Rep. CUELLAR. Secretary, this is only one flight school. Imagine what is happening or could be happening across the nation. [emphasis added]
Rep. Cuellar's response to former Department of Homeland Security Secretary Tom Ridge's statement was the most telling; a year later, Rep. Cuellar would be proven right.
But not so fast. Cuellar's story remains important. My concern about Cuellar's information is not only that homeland security personnel should be doing more to prevent a repeat of 9/11, where the hijackers received flight training in the United States, as described in detail in the 9/11 Commission Report and the commission's monograph, 9/11 and Terrorist Travel.
Beyond the 9/11 story there is the simple question: "What are Mexicans doing illegally training for flight school off the radar of the U.S. government?" I am well aware that training Mexicans illegally in the United States at U.S. flight schools on the southern border is not necessarily drug-cartel related. But I wonder if any intelligence analyst at a southwest law enforcement intelligence "fusion" center has sought to determine if there are any dots to connect between the flight school attendance described above and an ultralight plane dropping drug loads over 100 miles north of the U.S. border a year later near the now-infamous I-8 highway in Arizona.
Ultralight planes are known to foray maybe 10 or 20 miles over the border, but 100? Strangely, this occurred on the same night over 330 illegal aliens crossed over a 12-mile stretch of central Arizona border and the area north of the border leading up to the ultralight drop was pock-marked with drug activity, as described in my May 2012 blog (maps included). That is a new development that I hope is causing law enforcement to seek some answers. Answers Mr. Cuellar never received.
Boston Flight School — Illegal Owner, Illegal Students
A recent story that the GAO reported on, and that Congress and the media publicized, was equally bad: TSA approved flight training for 25 illegal aliens at a Boston-area flight school that was owned by another illegal alien. Eight had entered the United States illegally, and 17 had overstayed the terms of their permitted length of stay. The only reason anyone found out was because a Massachusetts police officer pulled over the illegal flight school owner for a traffic violation in 2010 and reported him to ICE. ICE then launched a comprehensive investigation of the school, including both the owner and students.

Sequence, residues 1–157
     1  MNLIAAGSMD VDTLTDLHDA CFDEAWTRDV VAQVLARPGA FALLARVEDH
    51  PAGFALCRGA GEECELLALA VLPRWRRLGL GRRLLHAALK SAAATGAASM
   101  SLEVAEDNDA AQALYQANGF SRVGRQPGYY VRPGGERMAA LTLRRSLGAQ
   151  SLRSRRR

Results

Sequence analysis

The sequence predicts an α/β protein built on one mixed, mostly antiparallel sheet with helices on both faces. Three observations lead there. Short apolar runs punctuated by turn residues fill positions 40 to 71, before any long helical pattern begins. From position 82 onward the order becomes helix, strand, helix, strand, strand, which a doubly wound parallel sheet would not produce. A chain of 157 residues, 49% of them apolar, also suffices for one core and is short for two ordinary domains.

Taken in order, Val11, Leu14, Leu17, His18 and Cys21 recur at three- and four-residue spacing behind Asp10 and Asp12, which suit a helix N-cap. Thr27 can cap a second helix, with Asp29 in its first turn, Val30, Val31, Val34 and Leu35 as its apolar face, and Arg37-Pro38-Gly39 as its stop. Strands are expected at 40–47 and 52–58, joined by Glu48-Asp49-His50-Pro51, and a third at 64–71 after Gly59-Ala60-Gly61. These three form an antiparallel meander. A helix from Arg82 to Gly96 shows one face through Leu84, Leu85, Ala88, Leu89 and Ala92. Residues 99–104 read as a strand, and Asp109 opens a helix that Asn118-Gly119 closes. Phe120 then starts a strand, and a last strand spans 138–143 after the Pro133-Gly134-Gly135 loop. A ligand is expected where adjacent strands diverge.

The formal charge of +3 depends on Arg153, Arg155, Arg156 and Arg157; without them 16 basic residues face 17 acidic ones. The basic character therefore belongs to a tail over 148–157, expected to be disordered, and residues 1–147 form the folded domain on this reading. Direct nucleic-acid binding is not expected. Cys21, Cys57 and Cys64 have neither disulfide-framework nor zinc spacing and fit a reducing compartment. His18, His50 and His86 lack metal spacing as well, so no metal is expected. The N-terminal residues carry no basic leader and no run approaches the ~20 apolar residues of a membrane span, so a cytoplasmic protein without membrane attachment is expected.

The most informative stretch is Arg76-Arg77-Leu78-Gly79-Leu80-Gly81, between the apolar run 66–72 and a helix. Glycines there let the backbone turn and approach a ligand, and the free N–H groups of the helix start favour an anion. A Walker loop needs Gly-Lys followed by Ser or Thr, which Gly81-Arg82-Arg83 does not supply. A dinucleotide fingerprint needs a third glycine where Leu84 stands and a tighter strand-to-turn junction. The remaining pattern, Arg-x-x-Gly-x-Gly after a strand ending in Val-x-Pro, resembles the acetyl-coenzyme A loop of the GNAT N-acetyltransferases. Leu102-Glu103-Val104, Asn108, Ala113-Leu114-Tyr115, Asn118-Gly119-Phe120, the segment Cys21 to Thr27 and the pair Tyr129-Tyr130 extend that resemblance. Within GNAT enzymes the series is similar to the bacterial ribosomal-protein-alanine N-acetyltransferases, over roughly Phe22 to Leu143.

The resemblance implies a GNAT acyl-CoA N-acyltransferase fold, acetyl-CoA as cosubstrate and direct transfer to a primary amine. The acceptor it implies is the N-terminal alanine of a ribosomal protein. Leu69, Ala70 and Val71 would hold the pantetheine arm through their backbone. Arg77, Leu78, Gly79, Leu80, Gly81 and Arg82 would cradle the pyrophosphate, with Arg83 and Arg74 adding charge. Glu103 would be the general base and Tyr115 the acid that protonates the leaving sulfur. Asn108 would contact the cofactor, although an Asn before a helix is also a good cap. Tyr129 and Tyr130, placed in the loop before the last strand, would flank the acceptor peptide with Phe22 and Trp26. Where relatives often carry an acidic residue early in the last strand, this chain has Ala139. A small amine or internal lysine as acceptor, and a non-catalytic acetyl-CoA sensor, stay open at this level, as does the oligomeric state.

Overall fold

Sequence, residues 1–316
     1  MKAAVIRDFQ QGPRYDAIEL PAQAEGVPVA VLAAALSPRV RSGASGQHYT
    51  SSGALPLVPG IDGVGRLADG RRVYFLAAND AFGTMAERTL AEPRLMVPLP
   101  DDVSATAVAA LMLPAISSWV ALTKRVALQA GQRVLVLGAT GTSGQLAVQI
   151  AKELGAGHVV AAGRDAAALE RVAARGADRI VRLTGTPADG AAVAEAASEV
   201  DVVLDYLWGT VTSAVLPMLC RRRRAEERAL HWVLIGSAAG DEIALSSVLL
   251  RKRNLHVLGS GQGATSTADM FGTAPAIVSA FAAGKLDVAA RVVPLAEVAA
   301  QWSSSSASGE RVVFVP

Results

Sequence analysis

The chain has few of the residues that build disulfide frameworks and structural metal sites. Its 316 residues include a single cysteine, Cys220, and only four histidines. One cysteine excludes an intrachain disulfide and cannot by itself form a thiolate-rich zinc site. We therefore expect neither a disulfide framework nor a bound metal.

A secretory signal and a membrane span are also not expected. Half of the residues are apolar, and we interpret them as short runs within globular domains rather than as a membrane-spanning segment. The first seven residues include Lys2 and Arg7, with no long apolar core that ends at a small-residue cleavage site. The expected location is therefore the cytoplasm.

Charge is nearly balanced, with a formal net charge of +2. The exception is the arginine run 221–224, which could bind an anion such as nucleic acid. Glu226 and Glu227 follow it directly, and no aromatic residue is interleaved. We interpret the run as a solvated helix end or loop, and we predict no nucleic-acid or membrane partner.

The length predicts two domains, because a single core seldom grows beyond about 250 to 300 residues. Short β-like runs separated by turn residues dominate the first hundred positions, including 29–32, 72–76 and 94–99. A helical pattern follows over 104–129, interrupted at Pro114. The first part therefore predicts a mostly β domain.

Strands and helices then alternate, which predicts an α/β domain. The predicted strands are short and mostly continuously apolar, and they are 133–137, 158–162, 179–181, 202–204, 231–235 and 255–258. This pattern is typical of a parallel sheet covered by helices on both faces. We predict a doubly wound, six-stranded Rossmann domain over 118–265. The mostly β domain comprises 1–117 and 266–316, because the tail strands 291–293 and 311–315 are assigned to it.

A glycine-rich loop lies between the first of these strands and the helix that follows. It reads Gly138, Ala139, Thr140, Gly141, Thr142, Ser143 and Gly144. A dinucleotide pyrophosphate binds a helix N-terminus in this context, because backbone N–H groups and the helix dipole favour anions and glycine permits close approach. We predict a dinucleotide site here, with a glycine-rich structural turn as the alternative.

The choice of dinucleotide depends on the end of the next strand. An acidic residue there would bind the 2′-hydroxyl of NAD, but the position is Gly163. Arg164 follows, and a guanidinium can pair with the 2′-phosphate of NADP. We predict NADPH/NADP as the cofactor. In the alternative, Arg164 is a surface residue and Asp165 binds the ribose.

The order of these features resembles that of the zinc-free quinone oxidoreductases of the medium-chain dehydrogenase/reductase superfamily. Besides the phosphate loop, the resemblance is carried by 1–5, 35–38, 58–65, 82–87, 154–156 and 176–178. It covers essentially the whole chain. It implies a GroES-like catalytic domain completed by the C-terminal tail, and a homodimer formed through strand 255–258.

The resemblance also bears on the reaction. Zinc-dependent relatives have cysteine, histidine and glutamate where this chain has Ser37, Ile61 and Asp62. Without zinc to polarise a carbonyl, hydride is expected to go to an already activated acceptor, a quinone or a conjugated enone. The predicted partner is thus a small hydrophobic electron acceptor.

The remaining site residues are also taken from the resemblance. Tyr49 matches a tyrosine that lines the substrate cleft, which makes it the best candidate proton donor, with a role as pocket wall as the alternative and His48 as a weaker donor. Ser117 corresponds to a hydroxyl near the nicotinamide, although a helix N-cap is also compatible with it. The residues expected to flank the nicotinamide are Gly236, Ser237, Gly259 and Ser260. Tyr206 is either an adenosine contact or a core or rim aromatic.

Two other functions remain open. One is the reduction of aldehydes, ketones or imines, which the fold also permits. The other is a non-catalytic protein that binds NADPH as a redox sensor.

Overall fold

The FAA had given the owner two certifications because the FAA does not check immigration status. Neither, ironically, does the TSA, despite flight safety being the reason for TSA's existence and the fact that three of the 9/11 hijackers attended flight school in the United States without the proper student visas. The Alien Flight Student Program (AFSP) is a TSA program developed to help determine whether foreign students enrolling at flight schools pose a security threat. However, the AFSP never takes into consideration immigration status. Or at least they didn't until GAO embarrassed them with the obvious flaw. Only now, because of the GAO report, will TSA share AFSP data with ICE and ICE share immigration status with TSA. ICE provided a few more details in its July 18, 2012, testimony before the House Homeland Security Subcommittee on Transportation Security.
Ironically, traffic violation checks of this sort, where police officers check legal status; and immigration enforcement audits that include both owners and workers or students, are exactly the type of enforcement the Obama administration is trying to stop across America.
In other words, the 2010 investigation may well not have happened in 2012. And we certainly know that Cuellar's request for more information on the illegal Mexicans fell, and will continue to fall, on deaf ears.